Matt ProbertMember since March 02, 2012
I have adored playing cards since before I was seven years old, and was brought up on packs of Waddington's No 1. As a child I was fascinated by the pictures of the court cards.
Over the next fifty years I was seduced by the artwork in Piatnik's packs and became a collector of playing cards.
Seeking more information about various unidentified packs I discovered the World of Playing Cards website and became an enthusiastic contributor researching and documenting different packs of cards.
I describe my self as a playing card archaeologist, using detective work to identify and date obscure packs of cards discovered in old houses, flea markets and car boot sales.
Crocheter’s playing cards sent to subscribers of the Crochet Society box, 2021.
Campaign deck for Greenpeace with drawings of penguins, seals, whales and dolphins.
My Word “The last word in card games” designed by Michael Kindred and Malcolm Smith, published in 1980 by Waddingtons.
Qantas Airways Limited is the flag carrier of Australia and is the world's third-oldest airline still in operation, having been founded in November 1920.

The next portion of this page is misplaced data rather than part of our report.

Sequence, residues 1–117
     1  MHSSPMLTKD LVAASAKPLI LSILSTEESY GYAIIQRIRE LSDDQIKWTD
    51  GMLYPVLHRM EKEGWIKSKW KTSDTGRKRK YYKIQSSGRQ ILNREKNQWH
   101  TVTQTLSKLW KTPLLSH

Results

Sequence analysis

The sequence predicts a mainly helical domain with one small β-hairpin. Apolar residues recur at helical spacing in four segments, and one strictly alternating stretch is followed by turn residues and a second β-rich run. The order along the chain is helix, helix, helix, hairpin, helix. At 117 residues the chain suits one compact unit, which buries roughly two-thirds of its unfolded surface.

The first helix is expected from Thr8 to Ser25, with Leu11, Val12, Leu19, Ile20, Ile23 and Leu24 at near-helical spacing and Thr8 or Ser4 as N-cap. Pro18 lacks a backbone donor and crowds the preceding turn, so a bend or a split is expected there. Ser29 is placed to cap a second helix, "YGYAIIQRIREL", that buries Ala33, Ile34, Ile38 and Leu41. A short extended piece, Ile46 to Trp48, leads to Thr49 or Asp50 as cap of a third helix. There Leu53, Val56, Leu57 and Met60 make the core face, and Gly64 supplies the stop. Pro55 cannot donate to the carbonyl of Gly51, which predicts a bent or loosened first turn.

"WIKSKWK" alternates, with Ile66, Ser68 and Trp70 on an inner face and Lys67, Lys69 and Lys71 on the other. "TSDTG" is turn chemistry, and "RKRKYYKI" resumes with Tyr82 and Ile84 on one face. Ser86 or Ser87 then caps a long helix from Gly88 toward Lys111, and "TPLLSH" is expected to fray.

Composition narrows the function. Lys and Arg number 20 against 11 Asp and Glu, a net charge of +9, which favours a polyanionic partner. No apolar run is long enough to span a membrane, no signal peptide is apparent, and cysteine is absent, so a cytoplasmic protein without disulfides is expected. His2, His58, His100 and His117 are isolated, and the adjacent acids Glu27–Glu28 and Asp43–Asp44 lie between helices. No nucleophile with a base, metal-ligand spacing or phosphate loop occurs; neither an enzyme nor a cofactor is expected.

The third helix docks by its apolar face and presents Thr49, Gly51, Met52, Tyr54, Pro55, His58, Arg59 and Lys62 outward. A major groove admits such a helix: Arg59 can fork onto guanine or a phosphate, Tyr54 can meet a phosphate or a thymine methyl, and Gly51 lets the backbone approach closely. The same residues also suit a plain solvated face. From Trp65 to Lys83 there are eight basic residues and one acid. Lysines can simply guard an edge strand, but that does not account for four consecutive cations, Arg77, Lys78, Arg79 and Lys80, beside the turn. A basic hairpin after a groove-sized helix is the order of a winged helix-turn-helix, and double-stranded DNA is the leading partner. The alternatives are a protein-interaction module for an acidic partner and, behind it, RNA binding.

Case Study: using detective work to identify and date a pack discovered in charity shop.
In 1932, a patent was granted to Colin Hart and George Franklin for a leather case in the form of a book cover for playing cards.
World of Harry Potter playing cards produced by Winning Moves under Waddingtons Number 1 brand, 2019.
Matching game by Majora, Lisbon, c.1970, featuring figures in national dress from Portuguese provinces and colonies
Bicycle Emotions playing cards with custom emotions on the courts to help you bluff at cards, 2013.
Les Géants d'un Mythe created by François Poulain and manufactured by Grimaud, 1983.
Facsimile of patriotic 1878 Tyrolean playing cards published by Piatnik in 1992.
Chinese playing card makers have probably produced the widest variety of jokers of any single part of the world.
Ocean to Ocean Souvenir of Canada by Chas Goodall & Son Ltd, c.1905.
Pooltella cards by John Waddington Ltd, the cards that simplify football pool forecasts, 1930s.